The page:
HC Deb 17 July 1929 vol 230 cc442-4

There is an Order on the Paper for to-morrow, the Local Government Amendment (Scotland) Bill, Second Reading. A number of Members of the House, on one side or the other, are interested in the Bill, and it would certainly be for the convenience of the House if the Prime Minister would say whether that Bill is to be taken to-morrow or not.


On the same point, would the Prime Minister say whether he proposes to suspend the Eleven O'clock Rule to-morrow so as to ensure that the Bill will be taken?


If I may take the second question first, I have not decided to -ask for the suspension of the Eleven o'Clock Rule. With reference to the first question, as the right hon. Gentleman will remember, I stated to the House that this Bill was to be circulated for the information of the House so that they might see what was best that could be done in the circumstances, and that unless there was some chance of getting the Bill within a reasonable time it would be quite impossible to proceed with the Bill. But Members of the House will notice that on the Order Paper tomorrow the Bill is not the first Order. I was hoping that I might have had an opportunity of continuing my investiga- tion to-day and of making a statement to-morrow about it. But obviously the Bill cannot be got to-morrow night. If the Bill's Second Reading is to be secured it obviously must be put down as the first Order of the day. I do not intend to take it to-morrow, but I will make a final statement about the fate of the Bill to-morrow if the right hon. Gentleman will leave me to-day to resume my inquiries.


Do I understand that the right hon. Gentleman is going to make a statement and decide the fate of the Bill before the Bill has actually been given a Second Reading and before it has even been discussed? Does he propose to give it a place as the first Order any day this week or next?


What I said was that I was still pursuing inquiries as to what is likely to happen regarding the Bill, more particularly the steps to be taken to get it through if we decide to go on with it and the satisfaction or otherwise that it would give to members of the House. If it is decided to go on with the Second Reading of the Bill, it will receive the first place on the Order Paper at an early date; but I prefer to wait until to-morrow to state what the result of my inquiries has been.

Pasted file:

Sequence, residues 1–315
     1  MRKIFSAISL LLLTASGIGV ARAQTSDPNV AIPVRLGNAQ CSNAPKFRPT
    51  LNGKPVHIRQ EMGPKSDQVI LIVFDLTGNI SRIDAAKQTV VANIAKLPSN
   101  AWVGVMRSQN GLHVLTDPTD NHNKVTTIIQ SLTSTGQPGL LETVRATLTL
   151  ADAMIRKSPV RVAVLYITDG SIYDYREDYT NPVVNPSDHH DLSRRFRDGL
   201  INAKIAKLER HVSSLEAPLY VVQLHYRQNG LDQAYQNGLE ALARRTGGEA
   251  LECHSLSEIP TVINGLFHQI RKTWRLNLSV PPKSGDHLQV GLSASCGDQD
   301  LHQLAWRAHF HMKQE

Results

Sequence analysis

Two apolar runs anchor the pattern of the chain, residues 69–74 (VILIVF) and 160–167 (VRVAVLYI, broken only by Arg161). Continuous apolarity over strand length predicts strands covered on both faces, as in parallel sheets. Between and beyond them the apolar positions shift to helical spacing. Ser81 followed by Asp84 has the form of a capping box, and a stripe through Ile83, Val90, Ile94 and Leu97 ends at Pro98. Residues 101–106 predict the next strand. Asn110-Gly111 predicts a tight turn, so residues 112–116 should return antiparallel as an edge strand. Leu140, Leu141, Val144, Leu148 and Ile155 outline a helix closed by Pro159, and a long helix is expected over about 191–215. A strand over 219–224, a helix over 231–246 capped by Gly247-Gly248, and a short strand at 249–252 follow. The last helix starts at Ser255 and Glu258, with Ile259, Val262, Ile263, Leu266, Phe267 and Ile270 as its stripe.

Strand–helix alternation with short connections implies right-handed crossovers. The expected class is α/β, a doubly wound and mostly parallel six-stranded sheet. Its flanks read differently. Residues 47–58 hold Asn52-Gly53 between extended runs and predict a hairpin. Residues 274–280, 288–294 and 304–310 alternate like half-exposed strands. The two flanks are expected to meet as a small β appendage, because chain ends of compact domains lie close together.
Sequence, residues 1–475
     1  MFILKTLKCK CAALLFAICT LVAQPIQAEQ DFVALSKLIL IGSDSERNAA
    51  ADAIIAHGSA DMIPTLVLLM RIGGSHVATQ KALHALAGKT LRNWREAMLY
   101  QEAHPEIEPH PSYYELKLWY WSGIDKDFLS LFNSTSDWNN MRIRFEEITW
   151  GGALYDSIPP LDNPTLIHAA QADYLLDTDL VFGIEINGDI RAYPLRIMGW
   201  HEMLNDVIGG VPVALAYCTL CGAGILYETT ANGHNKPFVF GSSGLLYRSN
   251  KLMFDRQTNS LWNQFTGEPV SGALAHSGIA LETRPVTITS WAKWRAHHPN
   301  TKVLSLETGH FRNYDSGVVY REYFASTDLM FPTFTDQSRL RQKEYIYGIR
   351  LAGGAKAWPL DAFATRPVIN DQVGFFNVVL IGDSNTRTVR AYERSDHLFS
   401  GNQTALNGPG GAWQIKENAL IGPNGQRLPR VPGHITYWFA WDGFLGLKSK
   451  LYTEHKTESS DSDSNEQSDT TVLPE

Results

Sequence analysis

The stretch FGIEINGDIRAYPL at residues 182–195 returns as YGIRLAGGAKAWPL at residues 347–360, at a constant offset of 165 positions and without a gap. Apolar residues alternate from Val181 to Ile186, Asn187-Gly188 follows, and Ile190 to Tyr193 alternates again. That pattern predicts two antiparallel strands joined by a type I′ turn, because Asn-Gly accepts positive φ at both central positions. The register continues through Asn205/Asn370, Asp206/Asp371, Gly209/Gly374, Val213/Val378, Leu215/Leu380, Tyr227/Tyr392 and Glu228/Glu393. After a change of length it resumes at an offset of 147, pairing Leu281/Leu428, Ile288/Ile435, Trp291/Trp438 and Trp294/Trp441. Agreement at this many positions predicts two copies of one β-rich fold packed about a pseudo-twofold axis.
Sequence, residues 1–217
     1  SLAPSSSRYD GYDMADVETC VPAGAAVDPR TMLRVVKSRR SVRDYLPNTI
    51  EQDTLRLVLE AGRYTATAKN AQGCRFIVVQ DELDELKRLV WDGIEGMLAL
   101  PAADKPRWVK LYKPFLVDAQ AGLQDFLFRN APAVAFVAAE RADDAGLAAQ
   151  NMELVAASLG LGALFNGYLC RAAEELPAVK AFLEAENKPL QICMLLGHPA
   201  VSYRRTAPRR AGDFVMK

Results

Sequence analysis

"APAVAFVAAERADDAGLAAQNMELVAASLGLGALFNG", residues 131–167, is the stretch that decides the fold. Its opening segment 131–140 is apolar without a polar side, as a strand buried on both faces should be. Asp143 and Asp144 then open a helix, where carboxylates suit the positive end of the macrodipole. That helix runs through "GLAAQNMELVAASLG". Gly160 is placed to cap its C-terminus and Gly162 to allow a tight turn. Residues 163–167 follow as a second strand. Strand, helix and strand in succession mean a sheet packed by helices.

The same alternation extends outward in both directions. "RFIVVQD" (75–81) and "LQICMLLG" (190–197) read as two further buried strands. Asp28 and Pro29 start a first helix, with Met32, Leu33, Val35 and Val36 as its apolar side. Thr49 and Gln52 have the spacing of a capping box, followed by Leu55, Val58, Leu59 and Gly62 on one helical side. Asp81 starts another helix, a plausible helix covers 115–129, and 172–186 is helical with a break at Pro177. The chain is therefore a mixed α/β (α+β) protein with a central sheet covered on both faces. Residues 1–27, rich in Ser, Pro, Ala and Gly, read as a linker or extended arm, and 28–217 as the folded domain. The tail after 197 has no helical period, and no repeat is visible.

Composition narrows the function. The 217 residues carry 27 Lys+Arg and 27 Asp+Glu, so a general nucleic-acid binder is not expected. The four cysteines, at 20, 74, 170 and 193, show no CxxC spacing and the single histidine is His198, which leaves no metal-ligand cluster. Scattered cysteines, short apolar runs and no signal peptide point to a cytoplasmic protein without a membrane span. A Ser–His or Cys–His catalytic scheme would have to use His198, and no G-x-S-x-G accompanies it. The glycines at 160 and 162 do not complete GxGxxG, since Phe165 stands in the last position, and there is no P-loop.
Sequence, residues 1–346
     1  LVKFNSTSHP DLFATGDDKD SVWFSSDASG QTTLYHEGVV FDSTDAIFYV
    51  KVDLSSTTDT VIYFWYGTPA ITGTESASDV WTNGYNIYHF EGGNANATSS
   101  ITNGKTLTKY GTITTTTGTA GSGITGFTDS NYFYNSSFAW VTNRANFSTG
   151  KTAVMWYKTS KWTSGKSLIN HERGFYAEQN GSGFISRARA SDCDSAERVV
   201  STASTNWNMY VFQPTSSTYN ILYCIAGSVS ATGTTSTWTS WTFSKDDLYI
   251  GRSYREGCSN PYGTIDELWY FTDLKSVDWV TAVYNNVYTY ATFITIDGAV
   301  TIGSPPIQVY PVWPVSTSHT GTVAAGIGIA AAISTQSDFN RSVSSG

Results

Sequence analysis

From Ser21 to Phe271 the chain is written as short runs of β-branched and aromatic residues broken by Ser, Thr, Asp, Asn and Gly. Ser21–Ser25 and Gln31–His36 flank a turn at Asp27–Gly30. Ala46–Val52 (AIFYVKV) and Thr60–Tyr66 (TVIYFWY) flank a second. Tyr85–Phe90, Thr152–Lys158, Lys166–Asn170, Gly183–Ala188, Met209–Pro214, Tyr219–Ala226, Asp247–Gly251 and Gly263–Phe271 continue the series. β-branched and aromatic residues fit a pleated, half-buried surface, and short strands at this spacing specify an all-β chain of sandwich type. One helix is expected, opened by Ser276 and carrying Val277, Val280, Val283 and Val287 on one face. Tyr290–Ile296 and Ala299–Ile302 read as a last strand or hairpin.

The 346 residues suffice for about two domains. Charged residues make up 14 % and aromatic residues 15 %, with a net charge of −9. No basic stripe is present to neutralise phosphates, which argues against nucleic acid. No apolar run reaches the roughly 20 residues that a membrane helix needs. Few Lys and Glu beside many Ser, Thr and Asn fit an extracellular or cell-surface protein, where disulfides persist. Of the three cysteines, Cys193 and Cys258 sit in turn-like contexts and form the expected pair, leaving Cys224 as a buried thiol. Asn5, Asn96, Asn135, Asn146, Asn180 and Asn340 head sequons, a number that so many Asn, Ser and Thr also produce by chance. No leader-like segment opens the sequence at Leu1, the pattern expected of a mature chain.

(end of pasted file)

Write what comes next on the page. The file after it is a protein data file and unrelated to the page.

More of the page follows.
Is it clear that the Debate will not take place to-morrow on the Second Reading?


Perfectly clear. The Bill's place on the Order Paper to-morrow clearly shows that it is not intended to ask for the Second Reading to-morrow.

Miss LEE

Was I mistaken in understanding that on a previous occasion the Prime Minister definitely said that the Bill would be brought forward before the House rises?


No, what I did say was, that the Bill would be printed and circulated before the House rose, and the intention—as a matter of fact it is not only an intention but a necessity, if the Bill is to be pursued, that it must be settled before the House rises.


In view of the Prime Minister's statement that the Bill is not to be taken to-morrow and that the Order Paper shows that the Bill is going to be opposed by a certain section of the House, is not the right hon. Gentleman aware that that means that if the House is to adjourn as originally fixed this Bill in all probability will be dropped unless he is prepared to extend the adjournment date?


It is to enable me to answer that question definitely to-morrow that I am asking to be allowed to continue my investigations to-day.

Major WOOD

Is the Prime Minister aware that a large number of people are up from Scotland in connection with the Bill now, and that they are waiting to hear of its fate?